Check out the following article
“If we can build these quantum key distribution systems and make them global, we will be able to transfer information in such a way that if there’s a hacker who tries to find this information, we will know,” said Raymond LaFlamme, director of the Institute for Quantum Computing at the University of Waterloo in Ontario. “Then we will be able to find a better way to encrypt that bit of information.”
The European Space Agency has even pushed for a “QUEST” space experiment that would test quantum communication to and from the International Space Station. Researchers discussed such ideas during the annual meeting of the American Association for the Advancement of Science in Vancouver on Feb. 19.
The Canadian Space Agency is working on plans for its Quantum Encryption and Science Satellite, while the European Union has teamed up with China’s Academy of Sciences for an intercontinental quantum key distribution test. The European Union also continues to work on using the space station to transfer a quantum key between ground stations separated by 870 miles.
Meanwhile, Japan has been running its own Earth-based quantum key distribution network in Tokyo. The country could launch an experimental satellite in four or five years, said Masahide Sasaki, director of the National institute of Information and Communications Technology in Tokyo.
The U.S. has seemed strangely absent from the quantum communications discussion, researchers agreed.
He forgot to mention that the US already spent millions of dollars on a boondoggle quantum network. It was built by the defense contractor Raytheon-BNN in Boston. (Ref) Maybe the US realized, after they had built it, that there was no use for it.
The most common use of the word “bustle” is to describe a situation full of activity, as in the sentence “the small harbor bustled with boats”. However, the word is also the name of a kind of frame worn under a skirt to make it puff out conspicuously in the derrière. Bustles were commonly used during the Victorian era (the period of Queen Victoria’s reign, 1837-1901). Victorians were big fans of good science and technology (Charles Darwin, Sherlock Holmes…). But they also patented the bustle. I find Victorian bustles decidedly ugly and unsexy. Especially so when compared with other historic female fashions, like, for instance, my favorite, flapper outfits from the roaring twenties (think naughty girls, jazz, swing dance, speakeasies, art deco, slang such as “bee’s knees”).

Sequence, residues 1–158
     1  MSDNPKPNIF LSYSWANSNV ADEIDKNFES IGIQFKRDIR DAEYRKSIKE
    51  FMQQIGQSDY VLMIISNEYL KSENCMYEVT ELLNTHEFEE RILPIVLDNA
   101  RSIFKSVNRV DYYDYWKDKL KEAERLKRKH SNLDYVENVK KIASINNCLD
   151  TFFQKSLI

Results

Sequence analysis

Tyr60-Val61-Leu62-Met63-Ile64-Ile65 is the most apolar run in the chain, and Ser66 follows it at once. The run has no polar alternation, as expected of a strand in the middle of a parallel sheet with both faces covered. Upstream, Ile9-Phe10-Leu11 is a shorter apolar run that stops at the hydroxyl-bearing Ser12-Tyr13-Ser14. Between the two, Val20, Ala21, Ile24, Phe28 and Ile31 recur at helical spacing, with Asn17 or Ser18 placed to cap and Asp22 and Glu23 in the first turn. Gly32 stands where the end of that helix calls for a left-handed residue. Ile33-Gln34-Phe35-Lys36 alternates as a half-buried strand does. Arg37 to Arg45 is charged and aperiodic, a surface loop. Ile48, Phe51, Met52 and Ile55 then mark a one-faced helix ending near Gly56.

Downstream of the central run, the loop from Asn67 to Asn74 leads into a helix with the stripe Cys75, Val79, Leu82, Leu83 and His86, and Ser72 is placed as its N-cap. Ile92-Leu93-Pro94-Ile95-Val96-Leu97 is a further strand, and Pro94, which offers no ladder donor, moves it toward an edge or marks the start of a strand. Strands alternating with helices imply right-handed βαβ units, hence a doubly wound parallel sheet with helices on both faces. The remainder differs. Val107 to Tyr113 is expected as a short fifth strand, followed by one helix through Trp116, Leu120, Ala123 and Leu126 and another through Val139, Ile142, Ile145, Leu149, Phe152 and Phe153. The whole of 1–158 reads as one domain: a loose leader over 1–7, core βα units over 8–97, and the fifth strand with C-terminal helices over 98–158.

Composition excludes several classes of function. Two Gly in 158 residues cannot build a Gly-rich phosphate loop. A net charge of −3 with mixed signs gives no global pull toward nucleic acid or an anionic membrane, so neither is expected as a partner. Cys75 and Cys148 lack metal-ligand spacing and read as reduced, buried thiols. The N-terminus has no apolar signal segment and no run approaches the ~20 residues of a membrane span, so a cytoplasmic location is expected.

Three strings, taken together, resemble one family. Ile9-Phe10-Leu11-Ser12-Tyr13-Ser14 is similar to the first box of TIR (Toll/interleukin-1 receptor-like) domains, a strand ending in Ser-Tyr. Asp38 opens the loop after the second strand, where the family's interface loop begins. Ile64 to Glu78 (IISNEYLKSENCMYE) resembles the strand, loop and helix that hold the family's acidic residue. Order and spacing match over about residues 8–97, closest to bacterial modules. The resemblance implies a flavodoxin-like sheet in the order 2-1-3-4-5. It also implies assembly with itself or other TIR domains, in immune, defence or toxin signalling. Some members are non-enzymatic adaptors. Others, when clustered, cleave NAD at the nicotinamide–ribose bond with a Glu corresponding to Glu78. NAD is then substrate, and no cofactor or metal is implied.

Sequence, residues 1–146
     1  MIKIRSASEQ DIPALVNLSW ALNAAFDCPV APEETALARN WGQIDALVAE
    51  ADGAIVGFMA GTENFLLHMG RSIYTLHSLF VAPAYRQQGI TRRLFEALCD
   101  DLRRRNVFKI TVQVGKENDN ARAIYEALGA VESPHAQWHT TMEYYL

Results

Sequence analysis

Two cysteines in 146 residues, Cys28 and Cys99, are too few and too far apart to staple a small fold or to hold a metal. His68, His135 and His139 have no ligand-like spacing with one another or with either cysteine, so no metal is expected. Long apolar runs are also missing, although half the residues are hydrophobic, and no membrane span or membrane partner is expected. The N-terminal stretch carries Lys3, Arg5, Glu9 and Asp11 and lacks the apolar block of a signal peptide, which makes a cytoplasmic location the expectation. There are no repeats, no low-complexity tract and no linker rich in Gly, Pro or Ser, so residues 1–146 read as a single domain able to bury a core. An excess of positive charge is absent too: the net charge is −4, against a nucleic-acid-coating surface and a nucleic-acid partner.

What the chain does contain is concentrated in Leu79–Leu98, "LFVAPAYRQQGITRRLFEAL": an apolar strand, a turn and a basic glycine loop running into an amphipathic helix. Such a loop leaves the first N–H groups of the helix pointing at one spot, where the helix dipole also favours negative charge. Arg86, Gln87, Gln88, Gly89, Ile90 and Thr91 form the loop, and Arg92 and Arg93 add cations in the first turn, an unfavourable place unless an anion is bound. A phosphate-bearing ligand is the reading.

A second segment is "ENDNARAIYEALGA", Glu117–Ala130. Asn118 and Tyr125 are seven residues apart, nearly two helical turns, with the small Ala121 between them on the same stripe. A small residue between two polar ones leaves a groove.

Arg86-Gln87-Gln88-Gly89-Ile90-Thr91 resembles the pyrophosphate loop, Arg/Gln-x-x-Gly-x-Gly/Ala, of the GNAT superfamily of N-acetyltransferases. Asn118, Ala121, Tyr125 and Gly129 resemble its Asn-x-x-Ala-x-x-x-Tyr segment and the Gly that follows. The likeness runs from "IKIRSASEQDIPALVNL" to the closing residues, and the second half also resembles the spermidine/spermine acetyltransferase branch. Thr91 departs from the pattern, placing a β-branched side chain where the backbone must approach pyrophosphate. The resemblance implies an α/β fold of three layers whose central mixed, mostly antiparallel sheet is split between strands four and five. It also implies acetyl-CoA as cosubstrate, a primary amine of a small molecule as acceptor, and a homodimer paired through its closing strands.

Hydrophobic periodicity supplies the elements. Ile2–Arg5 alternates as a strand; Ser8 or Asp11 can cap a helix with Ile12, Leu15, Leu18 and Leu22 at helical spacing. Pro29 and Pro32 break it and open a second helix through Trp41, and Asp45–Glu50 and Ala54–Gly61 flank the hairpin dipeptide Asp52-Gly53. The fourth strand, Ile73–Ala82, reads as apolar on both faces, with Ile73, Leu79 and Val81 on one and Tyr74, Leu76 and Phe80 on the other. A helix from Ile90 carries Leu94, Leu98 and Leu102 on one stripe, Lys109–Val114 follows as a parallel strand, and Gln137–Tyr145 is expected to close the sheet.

Quantum cryptography, a flourishing fashion in the quantum information field, reminds me of the Victorian bustle skirt. The public is clamoring for sexy quantum computers (the equivalent of flapper outfits), but instead, some governments are spending millions of dollars to subsidize research aimed at producing quantum crypto (the equivalent of bigger bustles).
The heads of 3 prestigious scientific institutes
- Artur Ekert (director of Centre for Quantum Technologies in Singapore)
- Raymond Laflamme (director of the Institute for Quantum Computing in Waterloo, Canada.)
- Anton Zeilinger (head of his own team at University of Vienna in Austria)
(Each one has a personal Wikipedia page longer than the ones for Einstein and Feynman combined )
have been recently putting out press releases ardently proclaiming the wondrous, game changing research that their institutes are conducting into making bigger quantum bustle skirts.
Meanwhile, almost at the same time, IBM has been reporting on their truly exciting advances in the hot topic of building superconducting QCs. IBM is the bee’s knees right now. It makes the 3 institutes mentioned above look as glamorous as the bustled Victorian lady in the following photo.
I’ve spoken about quantum cryptography in previous blog posts. See, for example: